Henry Waxman's War
The midterm elections 13 days earlier had been disastrous for Republicans, but on Nov. 20 Sara Taylor gushed in a thank-you message to the Office of National Drug Control Policy. The 32-year-old White House political director praised drug czar John Walters and his deputies for attending20 campaign events for vulnerable Republicans in Congress. Tomorrow, Taylor will testify as a private citizen under oath about the propriety of this political activity.
Since she resigned her White House post in May, Taylor has been the target of Democratic committee chairmen. On July 11, she stumbled through interrogation by the Senate Judiciary Committee and Chairman Patrick Leahy about political motives in the dismissal of U.S. attorneys. She had hardly recovered from that ordeal when she received a July 17 letter from House Oversight and Government Reform Committee Chairman Henry Waxman requesting "voluntary" testimony on "politicization" of the drug control office. Under an agreement negotiated by her attorney, Taylor will give a deposition tomorrow in preparation for open testimony, perhaps on Monday.
Taylor has been the most obvious target of a grand inquisition, but she is small game. The Democrats are after her former boss, senior presidential adviser Karl Rove, and beyond him, George W. Bush, whom they consider an illegitimate president. At a staff level, it is simply payback time for Democrats who remember when Rep. Dan Burton chaired the committee that Waxman now heads and sought e-mails revealing illegal foreign political contributions.
Waxman intends to question Taylor about a post-election meeting that Rove presided over, as described in a Nov. 21 e-mail to Walters and his deputies from Douglas Simon, the drug control office's liaison with the White House. Simon wrote that Rove "specifically thanked, for going beyond the call of duty, the Dept. of Commerce, Transportation, Agriculture AND the WH Drug Policy Office. This recognition is not something we hear every day, and we should feel confident that our hard work is noticed. . . . Director Walters and the Deputies covered thousands of miles . . . [and] had to give up time with their families for the god awful places we sent them."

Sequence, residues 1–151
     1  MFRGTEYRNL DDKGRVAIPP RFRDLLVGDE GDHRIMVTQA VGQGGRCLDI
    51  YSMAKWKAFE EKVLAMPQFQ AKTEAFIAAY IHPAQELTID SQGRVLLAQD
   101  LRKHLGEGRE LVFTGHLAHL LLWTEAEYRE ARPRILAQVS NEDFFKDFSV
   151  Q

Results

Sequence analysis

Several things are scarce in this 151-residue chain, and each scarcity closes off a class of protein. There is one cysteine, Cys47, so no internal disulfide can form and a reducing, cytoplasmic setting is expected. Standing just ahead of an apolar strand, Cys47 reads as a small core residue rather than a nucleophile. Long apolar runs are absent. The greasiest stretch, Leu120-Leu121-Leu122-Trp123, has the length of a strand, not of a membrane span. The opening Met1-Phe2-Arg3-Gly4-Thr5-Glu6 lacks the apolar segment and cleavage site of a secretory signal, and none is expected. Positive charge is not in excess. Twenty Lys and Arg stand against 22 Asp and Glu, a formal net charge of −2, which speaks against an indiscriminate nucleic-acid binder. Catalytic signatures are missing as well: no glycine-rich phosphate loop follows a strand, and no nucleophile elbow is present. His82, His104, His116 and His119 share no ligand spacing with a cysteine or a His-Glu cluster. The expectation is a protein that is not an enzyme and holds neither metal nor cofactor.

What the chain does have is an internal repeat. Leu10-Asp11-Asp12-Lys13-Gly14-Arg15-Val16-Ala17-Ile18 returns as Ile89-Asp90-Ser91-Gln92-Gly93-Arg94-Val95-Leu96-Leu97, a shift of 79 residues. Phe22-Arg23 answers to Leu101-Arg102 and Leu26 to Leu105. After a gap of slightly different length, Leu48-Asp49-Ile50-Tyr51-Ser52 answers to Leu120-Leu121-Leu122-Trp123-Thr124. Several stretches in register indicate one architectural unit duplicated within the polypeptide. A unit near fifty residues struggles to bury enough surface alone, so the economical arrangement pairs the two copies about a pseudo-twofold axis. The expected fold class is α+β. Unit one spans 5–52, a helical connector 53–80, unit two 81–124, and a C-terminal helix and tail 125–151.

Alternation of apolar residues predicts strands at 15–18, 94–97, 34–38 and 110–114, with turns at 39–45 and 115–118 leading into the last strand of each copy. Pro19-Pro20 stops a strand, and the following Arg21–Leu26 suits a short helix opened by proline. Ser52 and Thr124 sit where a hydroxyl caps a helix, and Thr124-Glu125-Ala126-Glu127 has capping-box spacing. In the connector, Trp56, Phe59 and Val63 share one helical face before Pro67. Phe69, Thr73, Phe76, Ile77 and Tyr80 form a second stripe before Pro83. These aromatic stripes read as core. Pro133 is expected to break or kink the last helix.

Noting that these "god awful places" were constituencies of vulnerable Republicans in Congress, Waxman asked for Taylor's testimony on "the use of taxpayer-funded travel" by the drug czar "to help Republican candidates for office."
Waxman's complaint of a politicized drug office is enhanced by Simon's description of Rove after the election: "Karl also launched into a feisty discussion about the plans for the final two years of this administration. In no uncertain terms, he said he is not going to let the last quarter of this presidency be dictated" by "Capitol Hill."
Waxman concedes that he sounds like the French police inspector in the movie "Casablanca" who was "shocked" to discover gambling. "I recognize that federal political appointees have traveled to events with members of Congress in prior administrations," he wrote. "What is striking about your memo to [the drug control office] is the degree of White House control, the number of trips, and the agency involved." He claimed a "tradition of non-partisanship" in an office whose first drug czar was the conservative writer and pundit William J. Bennett.
Waxman's multiple inquiries are an all-out war against Bush. He has accused Lurita Doan, administrator of the General Services Administration, of soliciting political activity from her employees. He heard testimony from former surgeon general Richard Carmona that the White House politicized his work. Waxman also has said that he plans to revisit what Taylor knows about the sacking of U.S. attorneys.
Waxman planned payback through 12 years in the minority. In response, the Oversight and Government Reform Committee's ranking Republican, Rep. Tom Davis, at an April 25 committee meeting tried to extend Waxman's subpoena of Republican e-mails to include Democratic e-mails during the Clinton administration. Davis was defeated on a party-line vote.
The White House is feckless. Once off the government payroll, Sara Taylor was on her own to explain a world she never built. While the president ordered former counsel Harriet Miers not to testify about the firing of U.S. attorneys, Taylor was given ambiguous instructions on what she could and could not discuss. Now she faces the need to defend under oath the politics of the drug control office.
© 2007 Creators Syndicate Inc.